The "expansion path" is used to describe how inputs increase in response to an increase in economic activity, holding all input prices constant.

## Deriving the expansion path

The economic expansion path is derived by drawing a line through all the points in which the isocost curve and the isoquant are tangent. Each isocost curve represents a fixed level of costs and the isoquant represents a fixed level of output. Therefore, tracing a line through these set of points represents what combination of labor and capital will be used for a fixed level of costs or output.

The points further away from the origin represent higher levels of costs or output. For example, if we assume that the prices for both labour and capital is $1 then the isocost curve that intersects point A can be represented by the isocost equation:

The isocost line that intersects the point B can be represented by the isocost equation:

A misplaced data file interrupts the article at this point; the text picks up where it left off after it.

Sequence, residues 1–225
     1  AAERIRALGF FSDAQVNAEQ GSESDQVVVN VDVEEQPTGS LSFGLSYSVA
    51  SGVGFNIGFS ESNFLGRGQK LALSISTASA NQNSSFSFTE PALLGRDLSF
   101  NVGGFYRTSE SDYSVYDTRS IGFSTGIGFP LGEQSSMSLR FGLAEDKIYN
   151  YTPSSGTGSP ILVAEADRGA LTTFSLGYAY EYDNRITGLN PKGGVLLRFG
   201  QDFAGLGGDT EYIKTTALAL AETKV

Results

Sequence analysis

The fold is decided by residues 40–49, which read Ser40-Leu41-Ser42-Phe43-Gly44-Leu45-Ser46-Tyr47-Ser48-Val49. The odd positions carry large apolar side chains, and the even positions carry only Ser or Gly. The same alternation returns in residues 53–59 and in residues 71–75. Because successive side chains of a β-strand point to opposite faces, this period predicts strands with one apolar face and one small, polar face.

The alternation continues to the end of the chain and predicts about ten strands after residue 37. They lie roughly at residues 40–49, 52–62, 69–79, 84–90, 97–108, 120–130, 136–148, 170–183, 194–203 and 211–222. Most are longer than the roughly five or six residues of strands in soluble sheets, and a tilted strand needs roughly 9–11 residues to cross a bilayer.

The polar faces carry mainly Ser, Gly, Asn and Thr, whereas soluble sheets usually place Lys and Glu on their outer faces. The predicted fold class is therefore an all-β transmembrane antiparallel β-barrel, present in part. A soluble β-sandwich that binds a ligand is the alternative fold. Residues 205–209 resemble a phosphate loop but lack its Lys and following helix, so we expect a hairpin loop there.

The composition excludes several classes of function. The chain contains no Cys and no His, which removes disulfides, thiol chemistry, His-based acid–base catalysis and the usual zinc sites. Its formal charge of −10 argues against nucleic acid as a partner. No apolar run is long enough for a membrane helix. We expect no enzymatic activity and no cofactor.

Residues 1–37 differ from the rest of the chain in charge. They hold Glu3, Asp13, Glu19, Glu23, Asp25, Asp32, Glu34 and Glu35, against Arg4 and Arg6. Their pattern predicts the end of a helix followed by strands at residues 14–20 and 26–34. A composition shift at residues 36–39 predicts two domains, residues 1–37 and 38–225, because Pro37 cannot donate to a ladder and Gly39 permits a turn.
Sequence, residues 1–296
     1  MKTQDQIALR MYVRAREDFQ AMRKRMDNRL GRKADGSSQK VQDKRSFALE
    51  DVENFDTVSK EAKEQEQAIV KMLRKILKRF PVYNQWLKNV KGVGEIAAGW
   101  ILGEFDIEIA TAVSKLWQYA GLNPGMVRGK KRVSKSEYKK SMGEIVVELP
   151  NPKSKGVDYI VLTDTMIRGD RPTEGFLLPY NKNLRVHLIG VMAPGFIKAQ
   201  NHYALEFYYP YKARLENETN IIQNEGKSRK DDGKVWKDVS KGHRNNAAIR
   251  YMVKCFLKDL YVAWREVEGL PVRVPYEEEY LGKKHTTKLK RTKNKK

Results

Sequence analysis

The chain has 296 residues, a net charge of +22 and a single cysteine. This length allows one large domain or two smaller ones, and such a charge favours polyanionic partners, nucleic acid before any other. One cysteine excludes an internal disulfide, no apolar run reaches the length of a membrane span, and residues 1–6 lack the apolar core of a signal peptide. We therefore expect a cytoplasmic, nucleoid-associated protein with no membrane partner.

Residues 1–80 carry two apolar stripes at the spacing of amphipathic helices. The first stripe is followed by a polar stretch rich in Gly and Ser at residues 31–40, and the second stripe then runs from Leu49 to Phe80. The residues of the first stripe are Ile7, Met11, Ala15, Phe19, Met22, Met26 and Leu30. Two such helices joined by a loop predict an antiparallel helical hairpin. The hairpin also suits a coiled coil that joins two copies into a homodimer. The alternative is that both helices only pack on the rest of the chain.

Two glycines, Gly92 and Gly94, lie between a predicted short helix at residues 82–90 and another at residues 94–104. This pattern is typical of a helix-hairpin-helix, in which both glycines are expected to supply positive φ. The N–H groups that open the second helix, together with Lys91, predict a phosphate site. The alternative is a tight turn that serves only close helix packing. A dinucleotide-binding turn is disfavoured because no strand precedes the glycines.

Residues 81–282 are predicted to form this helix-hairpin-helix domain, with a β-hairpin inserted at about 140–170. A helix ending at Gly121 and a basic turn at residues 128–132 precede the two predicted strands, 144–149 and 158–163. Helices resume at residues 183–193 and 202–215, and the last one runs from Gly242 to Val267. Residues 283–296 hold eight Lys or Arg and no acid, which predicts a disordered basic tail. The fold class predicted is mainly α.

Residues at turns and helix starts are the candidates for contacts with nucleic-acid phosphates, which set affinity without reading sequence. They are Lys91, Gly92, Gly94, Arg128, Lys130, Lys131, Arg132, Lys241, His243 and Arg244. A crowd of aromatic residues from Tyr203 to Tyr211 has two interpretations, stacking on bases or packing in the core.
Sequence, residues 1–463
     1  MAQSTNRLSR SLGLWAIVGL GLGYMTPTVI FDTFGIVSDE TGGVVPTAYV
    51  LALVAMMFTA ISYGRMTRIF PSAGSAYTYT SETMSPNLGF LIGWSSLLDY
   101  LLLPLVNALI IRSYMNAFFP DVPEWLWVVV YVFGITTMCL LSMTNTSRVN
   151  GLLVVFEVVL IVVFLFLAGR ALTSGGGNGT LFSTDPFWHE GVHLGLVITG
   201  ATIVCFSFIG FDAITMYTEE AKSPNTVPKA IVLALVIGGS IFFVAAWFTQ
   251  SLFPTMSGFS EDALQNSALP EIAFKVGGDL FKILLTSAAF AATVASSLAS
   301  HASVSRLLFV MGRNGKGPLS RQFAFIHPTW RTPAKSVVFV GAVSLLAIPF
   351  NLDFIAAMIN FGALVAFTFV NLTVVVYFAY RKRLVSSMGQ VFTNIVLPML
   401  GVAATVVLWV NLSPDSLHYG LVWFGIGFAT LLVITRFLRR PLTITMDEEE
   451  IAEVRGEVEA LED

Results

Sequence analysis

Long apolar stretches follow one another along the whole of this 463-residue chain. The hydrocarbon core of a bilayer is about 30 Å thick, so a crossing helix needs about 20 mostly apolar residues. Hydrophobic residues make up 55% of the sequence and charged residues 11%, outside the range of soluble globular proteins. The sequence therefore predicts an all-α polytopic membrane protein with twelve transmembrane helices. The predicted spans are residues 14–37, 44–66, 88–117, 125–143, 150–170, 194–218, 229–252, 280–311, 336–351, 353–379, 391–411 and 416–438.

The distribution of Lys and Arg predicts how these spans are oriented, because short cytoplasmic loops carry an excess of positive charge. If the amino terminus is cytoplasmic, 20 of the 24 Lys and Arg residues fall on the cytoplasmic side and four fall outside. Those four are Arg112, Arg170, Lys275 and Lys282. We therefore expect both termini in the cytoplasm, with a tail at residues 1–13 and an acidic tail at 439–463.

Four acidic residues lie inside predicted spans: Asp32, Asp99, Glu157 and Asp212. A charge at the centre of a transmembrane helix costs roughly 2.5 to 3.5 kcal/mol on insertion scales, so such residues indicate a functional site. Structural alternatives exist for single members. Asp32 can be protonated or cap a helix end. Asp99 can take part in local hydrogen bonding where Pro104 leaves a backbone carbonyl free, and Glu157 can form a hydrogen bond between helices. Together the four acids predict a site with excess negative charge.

Thus costs are increasing the further away from the origin we move (the same logic applies to the isoquant). If any of this is confusing, I suggest reading this post about isocost lines.

## Expansion paths

In this case we see that the inputs (capital and labor) both increase proportionately with the level of costs or output. However, this does not always have to be true. For example, consider the following diagram with 3 different expansion paths:

For the red expansion path, both labour and capital increase proportionately. This expansion path moves along the 45 degree angle.

For the blue bath we see that expansion favors capital. Looking at the expansion path we can see that when capital is 2 units the amount of labor appears to be 1 unit. When the level of capital increases to 4 units, labor only increases to 2 units. An example of a commodity which might follow such a path is agriculture output. At low levels of output, we often observe farmers using very little capital. However, larger farms employ large amounts of machinery (tractors etc.) and use a lot less labor.

Finally, the other expansion path is the green line which represents an expansion path which favors labor. Each time the amount of labor increases by 2 the amount of capital only increases by one unit.